In a strike shortly before 7 a.m., helicopters hovering above a complex of five compounds fired a volley of missiles, Pakistani officials said. Three compounds were destroyed, but officials gave different figures for the number of dead.
A security official in Peshawar said at least 20 militants had been killed. Maj. Gen. Shaukat Sultan, the chief military spokesman, said 25 to 30 had been killed. But later he told state-run television that the airstrike had killed “eight militants, along with their local supporters.”
He said that no ground troops had been involved and that “no high-value targets were believed to be there,” a reference to top Qaeda leaders like Osama bin Laden and Ayman al-Zawahri.
Eight bodies were retrieved from the rubble, five of them Afghans and three from the local Kikari Mehsud tribe. Ten wounded people were taken to private hospitals in North Waziristan, officials said.
Addressing a military conference in Rawalpindi, General Musharraf reiterated his resolve to fight terrorism and militancy in his country. “Any hide-out or sanctuary being used by terrorists or miscreants shall be knocked out, wherever it is found,” the state-run news agency quoted him as saying.
In Afghanistan, General Eikenberry, who is leaving his post this month as the senior American commander in the country, said American and NATO troops as well as Afghan Army units had inflicted heavy casualties on the Taliban, which he said remained too weak to undertake anything other than hit-and-run attacks or suicide bombings.
The American military intelligence officer disclosed for the first time statistics on the rise in insurgent attacks last year. There were 139 suicide attacks, up from 27 in 2005, and use of roadside bombs more than doubled, to 1,677 last year from from 783 in 2005. The number of what the military calls “direct attacks,” meaning attacks by insurgents using small arms, grenades and other weapons, increased to 4,542 last year from 1,558 in 2005.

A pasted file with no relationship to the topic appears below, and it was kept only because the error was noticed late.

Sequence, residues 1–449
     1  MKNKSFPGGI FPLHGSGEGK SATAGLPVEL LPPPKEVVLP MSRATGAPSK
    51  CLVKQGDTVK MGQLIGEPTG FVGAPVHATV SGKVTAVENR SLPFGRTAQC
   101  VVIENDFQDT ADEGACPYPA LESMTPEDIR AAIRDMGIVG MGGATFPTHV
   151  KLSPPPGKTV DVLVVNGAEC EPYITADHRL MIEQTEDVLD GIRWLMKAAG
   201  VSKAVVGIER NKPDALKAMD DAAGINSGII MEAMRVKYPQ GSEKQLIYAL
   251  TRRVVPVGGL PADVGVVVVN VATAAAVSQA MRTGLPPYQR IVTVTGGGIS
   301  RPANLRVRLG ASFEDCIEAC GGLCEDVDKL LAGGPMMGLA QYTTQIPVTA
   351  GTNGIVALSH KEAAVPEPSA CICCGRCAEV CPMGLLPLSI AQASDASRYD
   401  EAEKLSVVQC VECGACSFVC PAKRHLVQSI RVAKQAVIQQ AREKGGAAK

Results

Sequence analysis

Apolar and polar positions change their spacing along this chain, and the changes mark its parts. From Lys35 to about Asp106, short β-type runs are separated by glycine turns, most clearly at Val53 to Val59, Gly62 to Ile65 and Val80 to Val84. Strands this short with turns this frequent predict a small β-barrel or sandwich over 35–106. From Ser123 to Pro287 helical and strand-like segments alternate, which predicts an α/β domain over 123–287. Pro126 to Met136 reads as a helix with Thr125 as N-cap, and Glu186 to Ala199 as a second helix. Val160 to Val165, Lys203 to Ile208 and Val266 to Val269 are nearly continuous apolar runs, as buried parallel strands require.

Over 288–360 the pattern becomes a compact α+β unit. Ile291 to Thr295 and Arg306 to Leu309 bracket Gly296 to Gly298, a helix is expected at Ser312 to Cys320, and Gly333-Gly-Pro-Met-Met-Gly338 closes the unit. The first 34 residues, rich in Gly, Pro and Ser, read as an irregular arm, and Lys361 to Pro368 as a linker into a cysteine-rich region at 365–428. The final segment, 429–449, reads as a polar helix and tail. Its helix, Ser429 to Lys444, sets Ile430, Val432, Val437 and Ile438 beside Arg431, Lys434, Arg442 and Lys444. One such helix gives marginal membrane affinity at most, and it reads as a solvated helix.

But even with 21,000 American troops and an additional 20,000 soldiers from other NATO countries, military officials are pushing for more forces before spring, when the Taliban is widely expected to intensify its attacks.
General Eikenberry is seeking to extend the deployment of a 1,200-soldier American battalion, which is halfway through a four-month deployment. The unit, part of the 10th Mountain Division, based in Fort Drum, N.Y., is scheduled to go to Iraq in eight months, but General Eikenberry has argued that he needs the unit to remain in Afghanistan.
Asked about increasing American troop levels in Afghanistan, Mr. Gates said that if military commanders sought more, “I would be strongly inclined to recommend that to the president.”
He also urged other NATO counties to fulfill their pledges to send more troops and equipment to Afghanistan. NATO governments still have not sent the additional 1,200 troops that Gen. David Richards, the British commander of NATO forces here, has requested to serve as a reserve force he can send wherever violence flares around Afghanistan, according Mark Laity, a NATO spokesman. Salman Masood contributed reporting from Islamabad, Pakistan, and Ismail Khan from Peshawar.